As further shown in FIG. 2, a signal from target 14 is received by seeker 10. Seeker 10, being fixed with r spect to the missile longitudinal center line, generates the dilference angle A, the angle being between the missile center line and the missile-target LOS. Instrument gyro 20 is simultaneously measuring the missile attitude with respect to an arbitrary reference line, generating the measured angle 0. The gyro measured value of 0 and seeker measured value of x are subtracted at summing point 22 to form a measurement of g. The angle 0 is also processed through a lag network 24, generating a function of 0, 0'. The function -0' is combined in a summing point 26 and processed through a shaping network 28, forming the control function 6, which is the directional command to missile 12. Missile 12 responds to the directional command to reduce the angle A to 0, thus effecting an intercept with target 14. Typically, summing points 22 and 26 may be operational amplifiers for providing the difference signa A mathematical reduction of FIG. 2 is shown in FIG. 3. The variable term s represents the Laplace operator. The missile transfer functions shown in the blocks are conventional. The lag network 14 has a single time constant provided by a resistor-capacitor network. Shaping network 28 is also a simple lead-lag network realizable by a resistorcapacitor combination. Lag network 24 and lead-lag network 26 are known in the art and are of the general type of networks as shown on pages 158-160 of Feedback Control System Analysis and Synthesis by DAzzo and i-I9o6u6pis, published by McGraw-Hill Book Company in In lag network 24, T represents the time constant of the network, which is selected to be as large as possible and maintain stability within the system pass band. Op imum adjustments of the gain K and pass band of net 28 and the magnitude of T allows the system dynamic gain to be greater than unity within a desired region, and only in this region. These quantities can be tailored for any specific missile. In lag network 24 the static gain can be increased if the gain K is made less than one; although, this generally causes lower system performance in the presence of noise over that obtainable with lower values for K Dynamic lead guidance requires two basic measurement devices, the body fixed seeker 10 and the gyro 20. The signals resulting from these measurement devices are combined and shaped through the lead and lag networks to force the missile turning rate to be proportional to the linc-of-sight rate. This gain is a function of frequency, unlike proportional navigation.
The accuracy of the homing device depends on the quality of the seeker used. For the more expensive or elaborate seeker, the system has a large linear region near null and follows in analog fashion the larger values of A, transmitting the appropriate correction command to the missile. For a less accurate seeker, only a small linear region exists near null. Hence, for large errors a bangbang mode of operation is required, while for small errors the system would again follow the analog or gradual approach to null.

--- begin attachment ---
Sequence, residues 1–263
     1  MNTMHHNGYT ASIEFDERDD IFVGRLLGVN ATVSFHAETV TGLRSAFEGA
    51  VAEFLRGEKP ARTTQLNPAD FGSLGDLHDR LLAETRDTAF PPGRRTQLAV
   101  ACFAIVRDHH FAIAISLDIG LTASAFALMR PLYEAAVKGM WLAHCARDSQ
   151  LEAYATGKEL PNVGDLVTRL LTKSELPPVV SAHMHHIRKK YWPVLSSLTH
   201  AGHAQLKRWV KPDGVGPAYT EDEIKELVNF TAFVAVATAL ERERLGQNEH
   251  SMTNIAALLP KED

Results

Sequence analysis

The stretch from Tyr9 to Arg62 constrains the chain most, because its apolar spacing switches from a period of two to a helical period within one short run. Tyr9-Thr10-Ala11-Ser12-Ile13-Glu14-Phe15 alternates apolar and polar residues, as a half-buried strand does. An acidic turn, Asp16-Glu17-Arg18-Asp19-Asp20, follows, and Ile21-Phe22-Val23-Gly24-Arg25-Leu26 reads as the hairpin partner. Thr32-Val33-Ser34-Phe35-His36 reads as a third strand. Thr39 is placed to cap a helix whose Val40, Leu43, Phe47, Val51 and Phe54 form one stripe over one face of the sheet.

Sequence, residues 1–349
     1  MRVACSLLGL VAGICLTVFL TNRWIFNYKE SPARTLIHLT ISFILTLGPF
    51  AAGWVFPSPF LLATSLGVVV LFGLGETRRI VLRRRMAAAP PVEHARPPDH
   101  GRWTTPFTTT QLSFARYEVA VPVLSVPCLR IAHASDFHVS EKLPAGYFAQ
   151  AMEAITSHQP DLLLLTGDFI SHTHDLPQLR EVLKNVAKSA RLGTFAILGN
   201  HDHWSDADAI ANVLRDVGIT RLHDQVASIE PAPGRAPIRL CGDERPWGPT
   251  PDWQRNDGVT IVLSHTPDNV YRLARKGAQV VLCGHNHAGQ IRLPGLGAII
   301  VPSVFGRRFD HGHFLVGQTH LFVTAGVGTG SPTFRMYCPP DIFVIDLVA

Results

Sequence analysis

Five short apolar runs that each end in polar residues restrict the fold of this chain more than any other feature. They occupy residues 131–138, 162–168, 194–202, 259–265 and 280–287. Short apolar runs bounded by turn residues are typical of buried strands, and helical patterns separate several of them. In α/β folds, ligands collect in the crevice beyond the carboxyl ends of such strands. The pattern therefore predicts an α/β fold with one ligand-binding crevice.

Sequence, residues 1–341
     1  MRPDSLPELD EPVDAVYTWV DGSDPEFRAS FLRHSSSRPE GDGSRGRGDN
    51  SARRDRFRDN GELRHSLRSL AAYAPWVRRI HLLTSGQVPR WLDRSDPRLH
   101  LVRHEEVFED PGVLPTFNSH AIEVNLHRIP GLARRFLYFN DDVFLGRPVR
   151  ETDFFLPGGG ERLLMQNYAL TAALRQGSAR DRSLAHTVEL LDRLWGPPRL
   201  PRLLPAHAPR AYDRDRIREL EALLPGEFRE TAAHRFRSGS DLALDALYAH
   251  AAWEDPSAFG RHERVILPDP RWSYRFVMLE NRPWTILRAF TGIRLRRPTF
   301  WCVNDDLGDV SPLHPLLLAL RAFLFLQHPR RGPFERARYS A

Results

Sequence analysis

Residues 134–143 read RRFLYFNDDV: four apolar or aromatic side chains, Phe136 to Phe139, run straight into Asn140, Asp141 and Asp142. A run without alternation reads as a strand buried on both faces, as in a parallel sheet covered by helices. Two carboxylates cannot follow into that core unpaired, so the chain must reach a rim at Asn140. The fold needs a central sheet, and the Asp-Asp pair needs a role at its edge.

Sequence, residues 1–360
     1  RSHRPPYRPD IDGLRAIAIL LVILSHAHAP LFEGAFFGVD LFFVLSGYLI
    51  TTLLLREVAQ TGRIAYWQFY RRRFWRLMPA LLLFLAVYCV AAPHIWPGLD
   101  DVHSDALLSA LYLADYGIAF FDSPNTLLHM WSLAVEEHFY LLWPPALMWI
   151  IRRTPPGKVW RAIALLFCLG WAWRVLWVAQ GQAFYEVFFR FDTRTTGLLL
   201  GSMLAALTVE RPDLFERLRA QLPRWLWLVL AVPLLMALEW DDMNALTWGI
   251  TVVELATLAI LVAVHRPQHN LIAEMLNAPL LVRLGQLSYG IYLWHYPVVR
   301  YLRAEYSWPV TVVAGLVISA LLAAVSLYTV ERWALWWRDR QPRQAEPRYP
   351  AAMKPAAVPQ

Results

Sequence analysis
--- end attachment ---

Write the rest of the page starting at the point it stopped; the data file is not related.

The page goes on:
Although a particular embodiment and form of this invention has been illustrated, it is obvious to those skilled in the art that modifications may be made without departing from the scope and spirit of the foregoing disclosure. Therefore, it is understood that the invention is limited only by the claims appended hereto.
1. A homing navigation system for providing a missiletarget error signal to generate missile directional commands, comprising: a missile housing, detector means within said missile for measuring the angular difference between the line-of-sight to a target and the missile longitudinal axis, a gyro within said missile for measuring the attitude of said missile, a first summing means responsive to said detector means and said gyro for providing a difference signal output, shaping means responsive to said summing means output to provide direction correctional signals to said missile for maintaining missile trajectory toward said target, a lag network responsive to the output of said gyro for providing a delayed output signal that is a function of said gyro output, and a second summing means, the outputs of said first summing means and said lag network being coupled to said second summing means for providing a differential output to said shaping means for providing said missile correctional signals.
2. A homing navigation system as set forth in claim 1 wherein said shaping means is a lead-lag network for maintaining the missile turning rate proportional to the missile-target line-of-sight.
References Cited UNITED STATES PATENTS 11/1962 Fairbanks 2443.16 2/1958 Cox et al 2443.16
U.S. Cl. X.R.
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|US4123019 *||Nov 10, 1976||Oct 31, 1978||Martin Marietta Corporation||Method and system for gravity compensation of guided missiles or projectiles|
|US4277038 *||Apr 27, 1979||Jul 7, 1981||The United States Of America As Represented By The Secretary Of The Army||Trajectory shaping of anti-armor missiles via tri-mode guidance|
|US4456862 *||Sep 22, 1982||Jun 26, 1984||General Dynamics, Pomona Division||Augmented proportional navigation in second order predictive scheme|
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|US4494202 *||Sep 22, 1982||Jan 15, 1985||General Dynamics, Pomona Division||Fourth order predictive, augmented proportional navigation system terminal guidance design with missile/target decoupling|
|US4502650 *||Sep 22, 1982||Mar 5, 1985||General Dynamics, Pomona Division||Augmented proportional navigation in third order predictive scheme|
|US4637571 *||Sep 3, 1985||Jan 20, 1987||The United States Of America As Represented By The Secretary Of The Army||Electronic image stabilization|
|US6487953||Apr 15, 1985||Dec 3, 2002||The United States Of America As Represented By The Secretary Of The Army||Fire control system for a short range, fiber-optic guided missile|
|US6491253||Apr 15, 1985||Dec 10, 2002||The United States Of America As Represented By The Secretary Of The Army||Missile system and method for performing automatic fire control|
|DE2750128A1 *||Nov 9, 1977||May 18, 1978||Martin Marietta Corp||Verfahren und einrichtung zur gravitationskompensation bei lenkbaren flugkoerpern|
|DE2800527A1 *||Jan 7, 1978||Aug 11, 1988||Marconi Co Ltd||Robot control equipment - has aerial on robot receiving HF signals from target and transmitting signals indicating target direction w.r.t. aerial axis|
|U.S. Classification||244/3.16, 114/23|
|International Classification||F41G7/22, F41G7/20|